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A thought for the New Year:  Happy Clean Slate! Happy New Beginnings.

In this season of remembrance and renewal, birth and rebirth, endings and beginnings, Happy New Year.  Happy Clean Slate.  Happy perennial second chances.

​Images & video (c) Janus Adams LLC 2017

We all know how daunting an empty page can be — that blank slate awaiting a word, any word at all, just one little word, please, pretty please.  Yet in these uneasy times the gift of a new page, a clean slate, is a wondrous thing indeed. 

As Muslims we have celebrated Mawlid, commemorating the birth of the Prophet Muhammad, peace be upon him.  May this year bring greater understanding and good health!

As Jews we have remembered times of need and shared the magic fuel of faith the lights of Chanukah represent.  Happy Chanukah.

As Christians we honored the miracle of birth and the potential for salvation.  Merry Christmas.

From the first principle, Umoja (unity), to the last, Imani (faith), we have honored the Nguzo Saba (Seven Principles); gifts of heritage and of life itself.  Happy Kwanzaa.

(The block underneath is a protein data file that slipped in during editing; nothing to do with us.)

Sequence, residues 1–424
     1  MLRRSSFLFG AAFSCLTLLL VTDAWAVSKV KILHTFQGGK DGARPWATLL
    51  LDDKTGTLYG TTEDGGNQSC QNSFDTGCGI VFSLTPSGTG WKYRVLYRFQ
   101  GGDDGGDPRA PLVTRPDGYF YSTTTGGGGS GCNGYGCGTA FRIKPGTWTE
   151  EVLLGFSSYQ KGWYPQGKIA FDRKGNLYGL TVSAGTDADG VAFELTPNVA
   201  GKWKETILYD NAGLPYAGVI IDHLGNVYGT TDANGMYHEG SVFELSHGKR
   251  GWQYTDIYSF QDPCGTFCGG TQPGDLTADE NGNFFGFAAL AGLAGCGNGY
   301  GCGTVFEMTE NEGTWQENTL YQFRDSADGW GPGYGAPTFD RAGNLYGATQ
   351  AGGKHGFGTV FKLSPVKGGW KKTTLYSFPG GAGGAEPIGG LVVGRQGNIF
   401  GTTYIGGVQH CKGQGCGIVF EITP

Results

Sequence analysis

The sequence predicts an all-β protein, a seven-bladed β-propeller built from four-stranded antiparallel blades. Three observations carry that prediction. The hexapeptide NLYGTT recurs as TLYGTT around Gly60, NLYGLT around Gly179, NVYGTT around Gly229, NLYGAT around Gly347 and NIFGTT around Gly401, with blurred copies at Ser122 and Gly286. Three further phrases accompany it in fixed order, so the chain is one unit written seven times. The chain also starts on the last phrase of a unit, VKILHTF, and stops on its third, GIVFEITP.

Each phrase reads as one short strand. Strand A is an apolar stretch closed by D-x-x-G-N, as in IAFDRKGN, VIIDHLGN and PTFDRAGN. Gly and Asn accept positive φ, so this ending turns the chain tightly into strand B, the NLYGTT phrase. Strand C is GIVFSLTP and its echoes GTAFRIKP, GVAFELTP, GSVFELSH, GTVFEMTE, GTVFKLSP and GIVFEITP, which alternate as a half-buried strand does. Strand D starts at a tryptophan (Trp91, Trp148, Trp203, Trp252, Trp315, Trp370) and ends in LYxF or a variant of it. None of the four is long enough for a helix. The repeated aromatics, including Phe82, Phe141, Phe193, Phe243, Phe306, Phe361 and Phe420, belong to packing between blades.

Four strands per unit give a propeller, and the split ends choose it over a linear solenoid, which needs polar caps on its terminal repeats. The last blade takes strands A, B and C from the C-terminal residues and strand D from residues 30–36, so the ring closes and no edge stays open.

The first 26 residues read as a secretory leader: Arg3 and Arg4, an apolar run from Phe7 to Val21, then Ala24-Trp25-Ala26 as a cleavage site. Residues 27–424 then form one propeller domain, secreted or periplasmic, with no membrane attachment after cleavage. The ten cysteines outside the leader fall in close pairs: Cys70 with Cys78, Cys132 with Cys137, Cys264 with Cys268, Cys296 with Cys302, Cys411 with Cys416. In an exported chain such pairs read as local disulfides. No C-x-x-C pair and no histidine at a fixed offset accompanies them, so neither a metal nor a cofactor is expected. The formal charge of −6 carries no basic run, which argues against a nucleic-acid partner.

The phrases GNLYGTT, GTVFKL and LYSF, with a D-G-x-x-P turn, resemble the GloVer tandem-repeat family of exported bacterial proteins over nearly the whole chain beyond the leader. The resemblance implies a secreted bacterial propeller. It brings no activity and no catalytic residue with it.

This year begins full of hope and promise yet dominated by all-too-human frailties: hubris, greed, violence, fear.  Stresses heap their way upon us.  How will we make it through this one?  How will we survive?

Perhaps it is time we give serious thought to adopting the Chinese calendar where the third millennium has long come and gone – forever debunked and demystified.  Virtuous patience, if we give it just a few more weeks, will bring us a second chance at a new new-year.  Happy New Day.

Happy Thanksgiving, too. This year marks the 210-year end to the Trans-Atlantic Slave Trade.  In 1808, upon its abolition, Absalom Jones, ex-slave and cofounder of the African Methodist Episcopal (AME) Church, declared January 1 African America’s Thanksgiving Day – a tradition of celebration and reflection begun; a commitment, too, to the human rights of all (especially those in need of rescue from traffickers to this day).

It’s January: the month of Janus – my month! – named for the two-headed god of endings and beginnings.   As you might imagine given the spelling of my name, I take this Janus thing very personally - as you’ll see in this video: